Let’s finish what we started last autumn, and ensure the Labour Party backs PR

John McDonnell

Putin’s invasion of Ukraine is a stark reminder of how precious democracy is. We should never take for granted access to basic human rights, the role of an independent media and the right to fair elections. The erosion of democratic values can happen anywhere – and we in the UK are already sliding towards illiberalism. Boris Johnson’s approach to governing, his attitude towards the rule of law and deliberate undermining of parliamentary scrutiny are dangerous. In recent months, the government has tried to force through reactionary legislation of a kind more commonly associated with authoritarian regimes than with a functioning democracy.

From seeking to criminalise peaceful demonstration and targeting the Traveller, Gypsy and Roma community to suppressing the right to vote, undermining the elections watchdog, making the act of fleeing persecution a crime and claiming the power to render people stateless, this government’s policies come straight from the autocrats’ playbook. None of these measures would have been out of place in Donald Trump’s America – or Viktor Orban’s Hungary, Jair Bolsonaro’s Brazil or Vladimir Putin’s Russia. They should be of concern to everyone who believes in a free and fair democracy.

They have all been enabled by our rotten electoral system, which allows a party to govern almost without challenge if it has a large majority of seats – even if it got them with only a minority of the popular vote. We must resist this tide of authoritarianism bill by bill, clause by clause in parliament, in the streets and at the ballot box. But in the long run the only real antidote is a massive expansion of democracy in Britain. Little that was designed more than a century ago is still fit for purpose today and our constitution is no exception. The list of reforms we need is long, but reforming the voting system for Westminster must be at their heart. We must, as socialists, fight to have a system that reflects the wishes of the people.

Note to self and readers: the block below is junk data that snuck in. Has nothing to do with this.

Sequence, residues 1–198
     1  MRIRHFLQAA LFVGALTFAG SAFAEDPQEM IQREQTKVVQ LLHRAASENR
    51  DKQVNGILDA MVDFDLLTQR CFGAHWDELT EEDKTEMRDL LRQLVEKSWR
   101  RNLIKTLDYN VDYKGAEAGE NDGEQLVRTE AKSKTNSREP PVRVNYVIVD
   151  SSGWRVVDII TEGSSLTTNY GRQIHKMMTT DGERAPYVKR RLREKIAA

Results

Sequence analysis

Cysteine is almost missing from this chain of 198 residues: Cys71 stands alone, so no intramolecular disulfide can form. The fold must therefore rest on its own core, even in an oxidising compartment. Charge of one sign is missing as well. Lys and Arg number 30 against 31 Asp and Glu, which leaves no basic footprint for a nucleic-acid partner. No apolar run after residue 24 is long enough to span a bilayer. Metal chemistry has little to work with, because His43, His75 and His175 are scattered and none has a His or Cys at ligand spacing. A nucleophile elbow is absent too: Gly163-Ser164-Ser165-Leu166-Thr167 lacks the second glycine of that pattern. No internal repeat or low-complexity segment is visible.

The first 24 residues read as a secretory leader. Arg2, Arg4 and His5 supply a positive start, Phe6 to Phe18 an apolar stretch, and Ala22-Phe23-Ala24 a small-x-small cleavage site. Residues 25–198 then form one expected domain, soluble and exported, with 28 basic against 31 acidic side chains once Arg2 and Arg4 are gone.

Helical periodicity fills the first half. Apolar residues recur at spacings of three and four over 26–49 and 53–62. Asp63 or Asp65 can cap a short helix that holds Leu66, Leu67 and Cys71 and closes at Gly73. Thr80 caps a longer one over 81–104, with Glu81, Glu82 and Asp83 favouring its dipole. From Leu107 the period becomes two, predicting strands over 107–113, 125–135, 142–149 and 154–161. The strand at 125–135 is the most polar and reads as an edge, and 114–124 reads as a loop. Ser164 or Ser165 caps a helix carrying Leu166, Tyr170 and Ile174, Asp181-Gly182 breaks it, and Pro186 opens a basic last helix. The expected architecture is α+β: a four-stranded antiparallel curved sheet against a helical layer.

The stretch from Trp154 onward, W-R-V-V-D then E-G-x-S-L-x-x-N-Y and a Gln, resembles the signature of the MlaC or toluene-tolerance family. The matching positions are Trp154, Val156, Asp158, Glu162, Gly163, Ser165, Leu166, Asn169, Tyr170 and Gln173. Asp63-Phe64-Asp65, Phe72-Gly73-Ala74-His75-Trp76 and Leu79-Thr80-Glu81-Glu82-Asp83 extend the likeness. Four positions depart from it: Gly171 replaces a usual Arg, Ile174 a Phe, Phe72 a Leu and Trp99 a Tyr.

This year, Momentum is once again holding a democratic policy primary to decide which issues to champion at the annual Labour Party conference. As with last year, there are many important policies vying for support – from public ownership to a humane asylum policy. But, more than ever, I believe none is more strategically crucial than Labour committing to introduce proportional representation (PR) for general elections.

The progress made at last year’s conference on this issue was historic. With Momentum’s backing, there were more motions submitted on PR than there have been on any other single issue, to any annual conference on record. Almost 80% of Constituency Labour Party delegates voted for a clear commitment to the next Labour government introducing a proportional voting system.

The motion did not pass then. Given delays largely caused by the pandemic, some of the larger trade unions had not had the opportunity to hear motions on electoral reform at their own conferences prior to the vote in Brighton. Without policy in favour, affiliate delegates were not able to offer their support. But, since then, debate has moved on within large parts of the trade union movement – including Unite, which came out firmly against the first-past-the-post system at its policy conference last autumn, a move welcomed by Sharon Graham. Other unions will discuss electoral reform in the coming weeks and months.

It is clear that across the labour movement, the tide is turning. And so we must keep up the momentum on this issue. 83% of Labour members want the party to back PR. This autumn, we need to build on last year’s result and ensure the debate is taken back to the conference floor and that, with the support of more trade unions, we win a mandate to include electoral reform in the next manifesto.

Our political system is visibly failing to deliver the basic necessities to which people have a right. No majority voted for a spiralling cost-of-living crisis, for the next generation to be poorer than the last, for the privatisation of our remaining public assets or for a fatalistic slide towards climate catastrophe. Yet that is what our system is delivering. We cannot miss the opportunity, as we go into the next general election, to make democratic renewal a core part of Labour’s programme. First, we have to finish what we started in Brighton last year. If you are a member of Momentum, please prioritise PR in the policy primary.

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